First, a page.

Clinical depression goes by many names -- depression, "the blues," biological depression, major depression. But it all refers to the same thing: feeling sad and depressed for weeks or months on end -- not just a passing blue mood of a day or two. This feeling is most often accompanied by feelings of hopelessness, a lack of energy (or feeling "weighed down"), and taking little or no pleasure in things that once gave a person joy in the past.
Depression symptoms take many forms, and no two people's depression are exactly alike. A person who's depressed may not seem sad to others. They may instead complain about how they just "can't get moving," or are feeling completely unmotivated to do just about anything. Even simple things -- like getting dressed in the morning or eating -- become large obstacles in daily life. People around them -- their friends and family -- notice the change too. Often they want to help, but just don't know how.
Depression is different from normal sadness -- like when you lose a loved one -- as it envelops a person in their day-to-day living. It doesn't stop after just a day or two -- it will continue on for weeks on end, interferring with the person's work or school, their relationships with others, and their ability to enjoy life and just have. Some people feel like a huge hole of emptiness when experiencing depression.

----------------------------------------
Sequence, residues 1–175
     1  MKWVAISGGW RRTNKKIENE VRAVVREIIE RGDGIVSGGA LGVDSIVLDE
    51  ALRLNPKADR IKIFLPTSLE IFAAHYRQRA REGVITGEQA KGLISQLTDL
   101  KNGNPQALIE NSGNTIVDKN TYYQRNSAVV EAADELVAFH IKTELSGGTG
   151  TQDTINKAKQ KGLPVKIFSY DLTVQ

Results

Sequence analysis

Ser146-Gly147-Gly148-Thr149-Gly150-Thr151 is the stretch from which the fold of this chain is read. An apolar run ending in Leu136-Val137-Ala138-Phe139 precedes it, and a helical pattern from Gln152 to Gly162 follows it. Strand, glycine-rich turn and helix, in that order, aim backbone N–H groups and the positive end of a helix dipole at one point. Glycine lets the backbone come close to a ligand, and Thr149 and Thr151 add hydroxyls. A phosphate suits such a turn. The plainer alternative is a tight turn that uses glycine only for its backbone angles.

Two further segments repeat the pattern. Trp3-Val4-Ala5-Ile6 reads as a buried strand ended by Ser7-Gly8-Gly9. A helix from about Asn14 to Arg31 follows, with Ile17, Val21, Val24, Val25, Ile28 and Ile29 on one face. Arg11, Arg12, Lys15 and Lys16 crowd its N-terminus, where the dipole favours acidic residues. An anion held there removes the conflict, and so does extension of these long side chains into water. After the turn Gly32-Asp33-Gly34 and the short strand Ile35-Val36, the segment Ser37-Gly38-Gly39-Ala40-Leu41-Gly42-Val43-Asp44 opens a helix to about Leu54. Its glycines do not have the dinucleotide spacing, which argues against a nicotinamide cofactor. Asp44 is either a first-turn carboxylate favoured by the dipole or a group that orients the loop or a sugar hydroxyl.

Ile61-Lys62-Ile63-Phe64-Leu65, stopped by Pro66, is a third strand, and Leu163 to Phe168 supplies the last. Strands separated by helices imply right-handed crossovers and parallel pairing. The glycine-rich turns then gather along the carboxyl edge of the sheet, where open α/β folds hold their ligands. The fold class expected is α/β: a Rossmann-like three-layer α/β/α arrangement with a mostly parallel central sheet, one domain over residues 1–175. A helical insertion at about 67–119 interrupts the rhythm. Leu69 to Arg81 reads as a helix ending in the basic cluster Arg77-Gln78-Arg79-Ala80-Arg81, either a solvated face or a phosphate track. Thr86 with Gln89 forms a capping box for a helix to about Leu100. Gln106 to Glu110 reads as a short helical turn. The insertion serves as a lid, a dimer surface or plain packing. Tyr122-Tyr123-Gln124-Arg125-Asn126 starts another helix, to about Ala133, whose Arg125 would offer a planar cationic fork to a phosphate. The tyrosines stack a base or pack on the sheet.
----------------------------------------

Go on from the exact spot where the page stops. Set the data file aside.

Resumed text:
Our library of depression resources can help you better explore what depression is about. We encourage you to print out things you'd like to read more carefully, and bring anything you have additional questions about to your family doctor or a mental health professional.
Depression is readily treated nowadays with modern antidepressant medications and short-term, goal-oriented psychotherapy. No matter how hopeless things may feel today, people with depression can get better with treatment. Continue reading this introduction to depression...
What's Depression Feel Like?Certainty that an acute episode [of depression] will last only a week, a month, even a year, would change everything. It would still be a ghastly ordeal, but the worst thing about it -- the incessant yearning for death, the compulsion toward suicide -- would drop away. But no, a limited depression, a depression with hope, is a contradiction. The experience of convulsive pain, along with the conviction that it will never end except in death -- that is the definition of a severe depression.
Depression in the News
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Last reviewed: By John M. Grohol, Psy.D. on 31 Jan 2016
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